Command of the military

The ease with which General Stanley McChrystal was sacked should not allow us to shrug off the implications of his rebellion. McChrystal’s criticism of US civilian leadership is another cost of the Afghan war that America has to face- a clash between the military and the executive.

Hamna Zubair July 08, 2010


The ease with which General Stanley McChrystal was sacked should not allow us to shrug off the implications of his rebellion. McChrystal’s criticism of US civilian leadership is another cost of the Afghan war that America has to face- a clash between the military and the executive.

Unfortunately, a clash between these institutions is inevitable in the face of a security threat that has few tangible solutions. As commander of US forces in Afghanistan McChrystal undoubtedly understood the conflict’s ground realities better than civilian leaders. But the resources needed to wage the war McChrystal-style were not at his disposal. The tools the general needed had to be approved through slow bureaucratic procedures that a military man had little patience with. McChrystal was dissatisfied, and his contempt for the lazy civvies in the White House grew and grew, until it spilled over.

The scenario above could be describing Pakistan, where the military’s disdain for politicians is an open secret. This disdain is fuelled by both the government’s inefficiency and the military’s monopoly on the management of external and internal threats. Given Pakistan’s obsession with the ‘Indian threat’ and our long-term affair with Afghanistan, it’s easy to see why the military is an omniscient presence.

Consequently, in addition to strengthening our civilian leadership, we need to distance ourselves from imagined threats. As the threat of conventional war decreases the military should be scaled back, and internal security and counter-insurgency operations must be placed firmly in the government’s hands. India serves as an example to us in this regard. It has not used the military against the Maoists despite the threat the ‘insurgency’ poses. In India, the army is where it’s meant to be: at the border, and in the barracks.

The US, too, has put the army in its place for now. As Obama rightly said, institutions should be greater than individuals. However, the threat that insecurity and war pose to democracy cannot be dismissed either. Weak institutions are weakened further by instability, which is why Pakistan needs to turn its eye inwards. After all — all’s fair in war.

Published in The Express Tribune, June 29th, 2010.

WRITTEN BY:
Hamna Zubair The writer is a sub-editor at the Express Tribune Magazine [email protected]
The views expressed by the writer and the reader comments do not necassarily reflect the views and policies of the Express Tribune.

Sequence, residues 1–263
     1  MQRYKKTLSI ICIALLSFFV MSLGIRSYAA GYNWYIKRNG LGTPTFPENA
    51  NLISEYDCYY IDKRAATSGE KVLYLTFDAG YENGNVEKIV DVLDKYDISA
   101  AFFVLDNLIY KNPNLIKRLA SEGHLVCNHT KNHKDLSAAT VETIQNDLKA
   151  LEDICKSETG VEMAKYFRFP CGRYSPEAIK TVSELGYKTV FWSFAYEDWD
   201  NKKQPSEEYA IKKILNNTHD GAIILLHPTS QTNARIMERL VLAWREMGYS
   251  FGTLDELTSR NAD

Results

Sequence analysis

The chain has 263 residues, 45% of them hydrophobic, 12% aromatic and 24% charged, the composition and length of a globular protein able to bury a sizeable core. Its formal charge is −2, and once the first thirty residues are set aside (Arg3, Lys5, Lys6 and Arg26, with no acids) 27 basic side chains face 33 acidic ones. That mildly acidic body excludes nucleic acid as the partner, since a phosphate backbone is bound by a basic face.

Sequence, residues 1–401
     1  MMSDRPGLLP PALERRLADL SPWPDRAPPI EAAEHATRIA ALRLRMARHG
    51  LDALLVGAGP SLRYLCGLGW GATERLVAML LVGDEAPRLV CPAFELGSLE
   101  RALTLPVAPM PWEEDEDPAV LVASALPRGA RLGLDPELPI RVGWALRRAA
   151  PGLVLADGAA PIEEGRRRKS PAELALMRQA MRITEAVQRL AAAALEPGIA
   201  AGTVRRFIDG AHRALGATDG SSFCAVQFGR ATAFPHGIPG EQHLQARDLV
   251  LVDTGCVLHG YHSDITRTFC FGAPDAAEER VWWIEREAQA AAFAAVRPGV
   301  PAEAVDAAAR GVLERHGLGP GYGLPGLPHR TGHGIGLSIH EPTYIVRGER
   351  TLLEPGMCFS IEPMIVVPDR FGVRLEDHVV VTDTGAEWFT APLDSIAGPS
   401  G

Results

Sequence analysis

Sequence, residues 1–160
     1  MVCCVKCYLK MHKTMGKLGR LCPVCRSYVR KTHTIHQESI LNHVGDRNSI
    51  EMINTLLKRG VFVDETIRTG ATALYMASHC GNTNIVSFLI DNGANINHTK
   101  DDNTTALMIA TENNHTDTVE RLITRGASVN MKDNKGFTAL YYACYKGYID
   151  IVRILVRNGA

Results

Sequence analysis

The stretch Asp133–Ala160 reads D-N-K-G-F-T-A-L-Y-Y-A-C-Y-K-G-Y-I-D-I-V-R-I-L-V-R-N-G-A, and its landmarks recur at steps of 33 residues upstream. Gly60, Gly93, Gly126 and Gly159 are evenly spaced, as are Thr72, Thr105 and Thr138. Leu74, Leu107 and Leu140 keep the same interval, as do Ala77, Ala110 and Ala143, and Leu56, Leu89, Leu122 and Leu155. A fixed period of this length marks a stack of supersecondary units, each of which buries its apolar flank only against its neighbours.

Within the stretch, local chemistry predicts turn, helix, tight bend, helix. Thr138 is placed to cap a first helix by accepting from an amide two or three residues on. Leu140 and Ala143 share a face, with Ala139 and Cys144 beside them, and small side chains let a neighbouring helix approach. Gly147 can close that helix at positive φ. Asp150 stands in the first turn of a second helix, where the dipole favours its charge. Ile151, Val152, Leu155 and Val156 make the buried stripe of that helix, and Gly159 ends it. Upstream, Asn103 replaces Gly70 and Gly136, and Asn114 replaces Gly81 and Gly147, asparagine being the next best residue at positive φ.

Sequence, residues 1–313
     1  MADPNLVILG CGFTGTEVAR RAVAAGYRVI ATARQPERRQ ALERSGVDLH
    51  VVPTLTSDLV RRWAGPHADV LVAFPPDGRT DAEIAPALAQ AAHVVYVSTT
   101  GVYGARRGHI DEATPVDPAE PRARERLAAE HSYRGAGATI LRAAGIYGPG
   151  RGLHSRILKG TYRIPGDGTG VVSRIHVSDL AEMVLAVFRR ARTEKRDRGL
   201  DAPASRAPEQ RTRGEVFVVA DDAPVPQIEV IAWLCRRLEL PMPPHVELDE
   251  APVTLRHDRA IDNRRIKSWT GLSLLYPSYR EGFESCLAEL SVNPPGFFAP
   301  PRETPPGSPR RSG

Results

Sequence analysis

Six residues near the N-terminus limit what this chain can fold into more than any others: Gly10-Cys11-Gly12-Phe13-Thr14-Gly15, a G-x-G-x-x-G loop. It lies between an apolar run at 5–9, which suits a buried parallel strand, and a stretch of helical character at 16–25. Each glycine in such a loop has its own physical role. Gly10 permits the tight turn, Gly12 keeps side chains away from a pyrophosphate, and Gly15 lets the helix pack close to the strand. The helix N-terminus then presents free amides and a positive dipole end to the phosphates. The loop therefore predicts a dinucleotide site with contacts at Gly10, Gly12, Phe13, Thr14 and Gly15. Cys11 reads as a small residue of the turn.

COMMENTS (2)

Aftab Siddiqui | 10 years ago | Reply Very poor article/blog. Doesn't hold any ground of its own. I really don't understand what is the policy of express for such things. Simply quoting others and than misleading information shouldn't reach their esteemed paper. This will hurt their credibility. Today I;m asking myself that why should I follow tribune blog? Very soon many readers will the same question.
IZ | 10 years ago | Reply Hamna, you do not seem to have understood the nature of the criticisms McCrystal and his cronies were making. The "slow bureaucratic process" was not about approving the tools needed to get the job done, it was a decision-making process where Obama was trying to decide on what strategy to pursue in Afghanistan. McCrystal and other COINdinistas were insisting that an upgraded COIN effort could still weaken the Taliban enough while establishing control over urban centres for long enough to establish governance and use development projects, thereby building up the Afghan state enough so that it could take over the effort to fight the Taliban. Biden and others felt that the effort to impose a military solution would probably not work and that the military presence should be drawn down while stepping up drone strikes/surveillance to ensure Al Qaeda does not restablish itself in the parts of Afghanistan that the Taliban control. Obama took a while, but decided to go with the McCrystal plan. Your comparison to Pakistan does not really hold up. In Pakistan the military dominates strategic, and foreign policy. It decides who is our enemy, our friend, and what is to be done about them. Lastly your India example is not a good one. The army has not been used against the Maoists but it has been used in Kashmir. It has not merely remained consigned to the barracks, as you say.
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